Troops of the Irish Brigade were recruited from major centers of immigration in the Northeast and many more from the ranks of the working classes, the dock laborers and canal diggers to serve in the Union Army during the American Revolution. The troops were issued weapons that were outdated by the time the war began. Smoothbore 1842 Springfield muskets whose hundred yard range was dwarfed by that of the new rifled muskets. This did not deter the Irish, who would march into battle under their green silk flags, emblazoned with the harp of Ireland, and fire volleys at close range against their Confederate opponents. While their musket, firing a .69 caliber ball and buckshot, was deadly, the Irish Brigade would suffer heavy casualties.
The Irish Brigade was composed of the 63rd, 69th, and 88th New York Infantry regiments, as well as the 116th Pennsylvania Infantry and 28th Massachusetts Infantry. These Irishmen fought in the Army of the Potomac throughout the entire war. During the Battle of Antietam, they were sent against an entrenched Confederate position at the Bloody Lane, losing 60% of their strength.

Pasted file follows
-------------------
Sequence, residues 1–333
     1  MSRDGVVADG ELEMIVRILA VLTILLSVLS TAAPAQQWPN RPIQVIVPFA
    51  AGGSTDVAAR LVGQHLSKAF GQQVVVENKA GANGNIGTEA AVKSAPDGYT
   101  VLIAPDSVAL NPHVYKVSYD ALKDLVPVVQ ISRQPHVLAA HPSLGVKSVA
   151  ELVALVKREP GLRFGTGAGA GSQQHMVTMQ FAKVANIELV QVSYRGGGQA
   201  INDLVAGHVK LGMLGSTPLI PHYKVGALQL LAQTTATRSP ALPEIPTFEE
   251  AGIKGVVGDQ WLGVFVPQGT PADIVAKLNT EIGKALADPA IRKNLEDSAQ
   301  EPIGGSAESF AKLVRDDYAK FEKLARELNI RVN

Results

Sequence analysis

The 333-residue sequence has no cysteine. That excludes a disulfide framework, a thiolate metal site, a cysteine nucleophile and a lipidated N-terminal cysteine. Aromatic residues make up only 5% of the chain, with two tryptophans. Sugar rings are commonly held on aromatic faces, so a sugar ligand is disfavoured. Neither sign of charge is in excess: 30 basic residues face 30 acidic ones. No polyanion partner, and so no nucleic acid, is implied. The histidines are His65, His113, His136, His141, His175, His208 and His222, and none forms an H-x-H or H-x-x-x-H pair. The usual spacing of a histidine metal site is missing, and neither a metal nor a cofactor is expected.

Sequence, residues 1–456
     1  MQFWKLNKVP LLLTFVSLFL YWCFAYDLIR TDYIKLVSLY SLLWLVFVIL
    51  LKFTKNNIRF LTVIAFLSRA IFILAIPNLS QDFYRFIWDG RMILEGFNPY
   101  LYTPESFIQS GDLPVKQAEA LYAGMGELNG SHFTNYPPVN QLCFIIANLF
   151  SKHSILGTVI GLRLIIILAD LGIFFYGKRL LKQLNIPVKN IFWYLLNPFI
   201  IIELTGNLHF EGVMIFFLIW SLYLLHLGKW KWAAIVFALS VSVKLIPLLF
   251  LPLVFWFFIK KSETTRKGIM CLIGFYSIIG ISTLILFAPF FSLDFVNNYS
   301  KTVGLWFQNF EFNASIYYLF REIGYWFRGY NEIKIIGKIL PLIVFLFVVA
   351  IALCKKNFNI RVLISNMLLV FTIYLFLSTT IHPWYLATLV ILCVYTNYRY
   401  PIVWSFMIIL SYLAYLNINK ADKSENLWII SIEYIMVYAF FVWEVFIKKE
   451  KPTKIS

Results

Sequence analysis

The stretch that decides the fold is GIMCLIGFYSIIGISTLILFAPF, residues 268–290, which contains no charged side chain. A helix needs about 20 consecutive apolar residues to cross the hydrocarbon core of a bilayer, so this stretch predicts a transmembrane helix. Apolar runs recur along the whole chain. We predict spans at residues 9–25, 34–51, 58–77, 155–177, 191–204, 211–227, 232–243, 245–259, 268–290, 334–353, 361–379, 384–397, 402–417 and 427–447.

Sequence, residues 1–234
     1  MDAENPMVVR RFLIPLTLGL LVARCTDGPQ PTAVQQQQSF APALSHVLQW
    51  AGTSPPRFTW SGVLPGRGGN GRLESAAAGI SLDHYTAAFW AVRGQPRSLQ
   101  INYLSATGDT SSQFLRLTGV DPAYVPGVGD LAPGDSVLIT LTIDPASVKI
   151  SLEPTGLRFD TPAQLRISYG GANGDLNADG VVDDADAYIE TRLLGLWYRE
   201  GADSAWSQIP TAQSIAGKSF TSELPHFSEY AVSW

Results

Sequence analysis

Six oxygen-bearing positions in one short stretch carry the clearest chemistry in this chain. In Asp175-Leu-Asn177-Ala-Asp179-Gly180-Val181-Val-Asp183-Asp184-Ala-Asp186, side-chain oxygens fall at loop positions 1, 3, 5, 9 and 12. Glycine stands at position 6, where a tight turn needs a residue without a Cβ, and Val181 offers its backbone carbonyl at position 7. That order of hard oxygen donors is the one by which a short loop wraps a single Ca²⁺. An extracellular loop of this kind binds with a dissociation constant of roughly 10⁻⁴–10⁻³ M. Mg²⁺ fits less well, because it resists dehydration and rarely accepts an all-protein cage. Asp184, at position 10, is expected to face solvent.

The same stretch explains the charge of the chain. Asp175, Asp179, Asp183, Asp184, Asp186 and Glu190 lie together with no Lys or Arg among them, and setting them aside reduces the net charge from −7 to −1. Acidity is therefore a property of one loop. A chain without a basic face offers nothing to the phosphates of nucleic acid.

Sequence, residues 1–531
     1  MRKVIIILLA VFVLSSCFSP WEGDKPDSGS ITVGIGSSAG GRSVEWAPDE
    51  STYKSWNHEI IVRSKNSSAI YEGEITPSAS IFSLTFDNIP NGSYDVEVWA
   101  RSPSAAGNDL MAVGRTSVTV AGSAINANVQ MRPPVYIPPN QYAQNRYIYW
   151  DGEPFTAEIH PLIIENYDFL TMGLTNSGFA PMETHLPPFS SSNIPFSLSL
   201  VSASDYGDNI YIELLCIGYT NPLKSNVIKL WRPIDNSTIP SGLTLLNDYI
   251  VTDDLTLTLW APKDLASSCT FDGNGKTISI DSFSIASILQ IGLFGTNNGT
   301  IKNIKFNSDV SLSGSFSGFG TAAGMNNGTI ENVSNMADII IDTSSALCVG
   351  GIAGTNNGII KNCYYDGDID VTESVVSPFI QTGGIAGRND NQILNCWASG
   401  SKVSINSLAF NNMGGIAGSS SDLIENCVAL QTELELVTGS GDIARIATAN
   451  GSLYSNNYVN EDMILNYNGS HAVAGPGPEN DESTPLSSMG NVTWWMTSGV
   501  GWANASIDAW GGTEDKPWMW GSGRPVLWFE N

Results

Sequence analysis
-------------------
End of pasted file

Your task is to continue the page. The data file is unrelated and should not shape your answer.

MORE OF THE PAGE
Months later, the remnants of the brigade was ordered against the Confederate position at Marye's Heights at the Battle of Fredericksburg. There, in during an assault marked by ferocious Confederate resistance, they earned the praise of their enemies and comrades alike. Confederate Lt. Gen. James Longstreet thought the charge of the Irishmen "was the handsomest thing in the whole war." General Robert E. Lee declared, "Never were men so brave." Brig. Gen. George Pickett, who would make his own legendary charge within a year, thought "the brilliant assault....was beyond description....we forgot they were fighting us, and cheer after cheer at their fearlessness went up all along our line." Their division commander, Maj. Gen. Winfield Scott Hancock remarked, "I have never seen anything so splendid."